Search Results for OPCON

The OPCON Transfer Debate, by Shelley Su

Shelley Su examines the issues surrounding the US transfer of the wartime operational control (OPCON) to the ROK, and assesses the merits of the three positions of the transfer: whether to carry out the OPCON transfer on the initially agreed upon transfer date; to reject the OPCON transfer altogether; or to delay its implementation. She then further examines the reasons why the Obama and Lee administrations chose delay as the best course of action.

Read “The OPCON Transfer Debate,” by Shelley Su.

Shelley Su is a second-year M.A. student at SAIS, concentrating in International Economics and Strategic Studies, and is particularly interested in Taiwan cross-Strait issues, US-China relations, and the two Koreas. She recently completed an internship with the Bureau of East Asian and Pacific Affairs at the US Department of State where she worked on political military issues. In summer 2011, she was a contract researcher at the Institute for National Strategic Studies at the National Defense University for their Center for the Study of Chinese Military Affairs doing research on the Chinese People’s Liberation Army Navy. Previously, she interned at the Center for Strategic & International Studies, the Atlantic Council, and the Taiwan Ministry of Foreign Affairs. She has also served as a program coordinator for the Southeast Asia Studies Program at SAIS. She received her B.A. in political science from the University of California, Berkeley, speaks Chinese, and is currently studying Korean language. On campus, she is an assistant editor for the SAIS Review journal and co-president of the Defense and Intelligence Career club.

Back to the 2011 SAIS U.S.-Korea Yearbook.

“The OPCON Transfer Debate,” by Shelley Su (2011 SAIS US-Korea Yearbook)

"The OPCON Transfer Debate," by Shelley Su (2011 SAIS US-Korea Yearbook)

“The OPCON Transfer Debate,” by Shelley Su (2011 SAIS US-Korea Yearbook)

U.S.-Korea Security Alliance

Topic Areas:
Introduction | OPCON Transfer | Cheonan

Introduction

North Korea has undoubtedly been the biggest concern holding the security alliance between the U.S. and South Korea together. The U.S.-ROK Joint Vision statement called the U.S.-ROK Mutual Defense Treaty the “cornerstone of the US-ROK security relationship” and reiterated the U.S. commitment to the defense of South Korea by extending a nuclear umbrella in the event of a North Korean nuclear attack. Moreover, since the Korean War there has been a constant body of American troops stationed in South Korea. This contingent is called the U.S. Forces Korea (USFK) and is made up of the Eighth United States Army, Seventh Air Force, Marine Forces Korea, and U.S. Naval Forces Korea. In 2008, the U.S. and South Korea agreed to keep U.S. troop levels at 28, 500. Currently South Korea and the U.S. share control of defense of the country through an integrated U.S.-ROK unit called the Combined Forces Command (CFC), commanded by a U.S. Army General. The longtime duty of the CFC is to deter war, but also has the authority during wartime to defeat external aggression as outlined by the U.S.-ROK Mutual Defense Treaty. However, aside from just a North Korean threat, this security alliance has also faced many social and political tensions between the two parties. In the early 1990s-2000s a number of violent crimes committed by U.S. servicemen against South Korean nationals, a few of whom were prostitutes and others students, made headlines. These cases ignited anti-American sentiments, brought to light agitation over sovereignty issues related to the Status of Forces Agreement, and public demand for troop withdrawal. While such tensions have waned considerably today, these events have left a bad taste in people’s mouths.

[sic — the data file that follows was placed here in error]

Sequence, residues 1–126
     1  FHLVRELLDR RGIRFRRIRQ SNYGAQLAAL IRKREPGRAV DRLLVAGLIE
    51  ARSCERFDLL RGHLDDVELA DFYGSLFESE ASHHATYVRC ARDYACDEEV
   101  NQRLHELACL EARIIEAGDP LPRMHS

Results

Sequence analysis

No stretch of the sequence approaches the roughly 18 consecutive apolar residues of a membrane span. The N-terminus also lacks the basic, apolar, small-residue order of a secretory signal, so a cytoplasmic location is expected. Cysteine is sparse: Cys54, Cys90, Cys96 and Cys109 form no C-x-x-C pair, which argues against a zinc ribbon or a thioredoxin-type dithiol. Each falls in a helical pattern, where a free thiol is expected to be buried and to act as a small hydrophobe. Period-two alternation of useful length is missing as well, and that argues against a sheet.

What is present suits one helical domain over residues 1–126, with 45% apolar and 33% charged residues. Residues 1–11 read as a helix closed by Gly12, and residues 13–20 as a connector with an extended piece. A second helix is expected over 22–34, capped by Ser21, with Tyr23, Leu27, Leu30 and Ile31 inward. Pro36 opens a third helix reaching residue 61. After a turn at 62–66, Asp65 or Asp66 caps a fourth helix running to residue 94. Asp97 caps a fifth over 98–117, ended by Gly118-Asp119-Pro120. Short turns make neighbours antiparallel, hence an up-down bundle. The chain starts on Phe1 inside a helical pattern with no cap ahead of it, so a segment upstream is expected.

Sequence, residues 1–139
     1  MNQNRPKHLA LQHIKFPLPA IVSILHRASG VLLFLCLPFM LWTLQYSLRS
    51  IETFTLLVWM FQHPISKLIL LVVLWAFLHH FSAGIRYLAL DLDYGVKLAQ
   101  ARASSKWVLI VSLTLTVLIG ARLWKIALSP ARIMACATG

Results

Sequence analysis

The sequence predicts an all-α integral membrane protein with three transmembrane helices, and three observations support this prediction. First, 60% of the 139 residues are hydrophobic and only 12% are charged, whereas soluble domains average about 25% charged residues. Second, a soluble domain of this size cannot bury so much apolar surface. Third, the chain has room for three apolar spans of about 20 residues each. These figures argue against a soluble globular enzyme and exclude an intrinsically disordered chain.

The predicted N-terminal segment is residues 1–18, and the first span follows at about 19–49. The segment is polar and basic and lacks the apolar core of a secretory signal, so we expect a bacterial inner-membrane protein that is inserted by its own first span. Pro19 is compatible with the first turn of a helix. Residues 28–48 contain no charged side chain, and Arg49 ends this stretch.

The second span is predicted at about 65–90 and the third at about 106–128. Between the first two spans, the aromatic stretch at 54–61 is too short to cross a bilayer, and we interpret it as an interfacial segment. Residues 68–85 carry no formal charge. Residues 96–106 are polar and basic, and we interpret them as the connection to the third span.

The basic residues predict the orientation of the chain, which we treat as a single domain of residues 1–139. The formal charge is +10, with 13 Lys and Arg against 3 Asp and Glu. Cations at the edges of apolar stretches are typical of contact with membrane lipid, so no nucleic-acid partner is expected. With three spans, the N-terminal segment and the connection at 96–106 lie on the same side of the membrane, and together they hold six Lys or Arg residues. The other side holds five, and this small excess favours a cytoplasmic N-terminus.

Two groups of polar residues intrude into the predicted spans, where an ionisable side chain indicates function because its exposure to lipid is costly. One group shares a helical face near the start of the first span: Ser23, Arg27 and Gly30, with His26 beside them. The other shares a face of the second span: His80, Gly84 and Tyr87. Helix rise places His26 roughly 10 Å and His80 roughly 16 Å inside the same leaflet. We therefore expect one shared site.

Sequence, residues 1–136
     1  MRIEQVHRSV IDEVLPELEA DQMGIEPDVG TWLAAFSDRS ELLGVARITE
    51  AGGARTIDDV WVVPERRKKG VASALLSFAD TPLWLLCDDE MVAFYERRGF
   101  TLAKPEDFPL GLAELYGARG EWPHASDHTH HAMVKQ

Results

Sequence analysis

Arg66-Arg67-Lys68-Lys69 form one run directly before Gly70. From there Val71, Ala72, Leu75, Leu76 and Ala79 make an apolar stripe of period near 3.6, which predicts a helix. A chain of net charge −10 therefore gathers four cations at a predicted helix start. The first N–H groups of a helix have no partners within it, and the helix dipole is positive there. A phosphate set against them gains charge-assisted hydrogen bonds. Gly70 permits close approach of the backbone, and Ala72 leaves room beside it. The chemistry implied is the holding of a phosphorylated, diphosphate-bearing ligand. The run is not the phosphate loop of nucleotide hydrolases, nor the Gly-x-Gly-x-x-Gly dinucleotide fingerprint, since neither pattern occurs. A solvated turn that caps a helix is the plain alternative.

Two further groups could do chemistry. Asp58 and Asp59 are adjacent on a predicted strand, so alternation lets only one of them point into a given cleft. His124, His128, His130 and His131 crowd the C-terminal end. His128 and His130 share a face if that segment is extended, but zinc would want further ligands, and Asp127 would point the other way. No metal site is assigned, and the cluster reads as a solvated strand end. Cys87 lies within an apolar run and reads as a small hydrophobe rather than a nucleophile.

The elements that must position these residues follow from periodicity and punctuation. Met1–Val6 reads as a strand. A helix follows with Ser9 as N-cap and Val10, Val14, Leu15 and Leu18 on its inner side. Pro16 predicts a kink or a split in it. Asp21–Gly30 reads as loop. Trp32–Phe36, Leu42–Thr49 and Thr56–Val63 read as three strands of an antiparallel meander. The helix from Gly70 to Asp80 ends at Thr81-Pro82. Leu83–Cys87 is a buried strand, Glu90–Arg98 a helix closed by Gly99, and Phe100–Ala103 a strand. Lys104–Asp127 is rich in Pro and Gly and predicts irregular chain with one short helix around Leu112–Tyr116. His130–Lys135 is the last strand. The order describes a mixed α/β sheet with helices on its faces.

For Additional Reading on the Security Alliance:

United States Forces Korea [Official Website]
U.S. Forces Korea/Combined Forces Command Overview
Global Security
A history and overview of the structure of the U.S. Military in Korea.
South Korean Military Introduction
Global Security
A brief history and overview of the evolution of the South Korean military.
Preparing for Future Threats and Regional Challenge: the ROK-U.S. Military Alliance in 2008-2009 [PDF]
Bruce E. Bechtol | KEI Joint U.S.-Korea Academic Studies 2009 Volume 19
Examines the implications of the Lee adminstration’s markedly different policy from previous administrations and how it can ensure its national security either by strengething its own military capacity or furtehr solidifying the ROK-U.S. military alliance.
USFK Realignment and Reduction
Nina Sawyer | SAIS U.S.-Korea Yearbook 2006
Analyzes the realignment and reduction of U.S. forces in South Korea that occured under the Roh Moo-Hyun and Bush administration and examines the motivations of both parties, the history of troop reductions, and the prospects for this shift in the military alliance.
Status of Forces Agreement (SOFA): What is it, and How Has it Been Utilized? [PDF]
Congressional Research Service | Report RL34531
A comprehensive overview of U.S. multilateral and bilateral Status of Forces Agreements. Includes provisions, historical overviews, and a survey of current U.S. SOFAs.
The Status of Forces Agreement
Junghwa Lynn Pyo | SAIS U.S.-Korea Yearbook 2006
The U.S.-ROK Alliance in an Evolving Asia
Momoko Sato | SAIS U.S.-Korea Yearbook 2009
Examines how the emergence of a nascent cooperative atmosphere in East Asia will add new dimensions of possible challenges and strength
Sex Among Allies: Military Prostitution in U.S-Korea Relations
Katharine Moon
This study examines and illuminates how the lives of Korean prostitutes in the 1970s served as the invisible underpinnings to US-Korean military policies at the highest level. (Preview available on Google Books).

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OPCON Transfer

In July 1950 following the outbreak of the Korean War, President Rhee Syngman deferred Operational Control (OPCON) of Korean forces to the United States. In 1978 an U.S.-ROK integrated command structure was established called the Combined Forces Command (CFC), which is headed by a U.S Army General. Since then, peacetime OPCON was transferred back to the ROK in 1994, but wartime OPCON still remains within CFC control. In 2007, then President Roh Moo-Hyun initiated negotiations to complete total OPCON transfer to the ROK. The governments agreed to make this transfer by April 2012 and that two separate but coordinating US and ROK commands would replace the US-ROK CFC. However, in a recent bilateral meeting between President Obama and President Lee it was announced that they would delay OPCON transfer until 2015.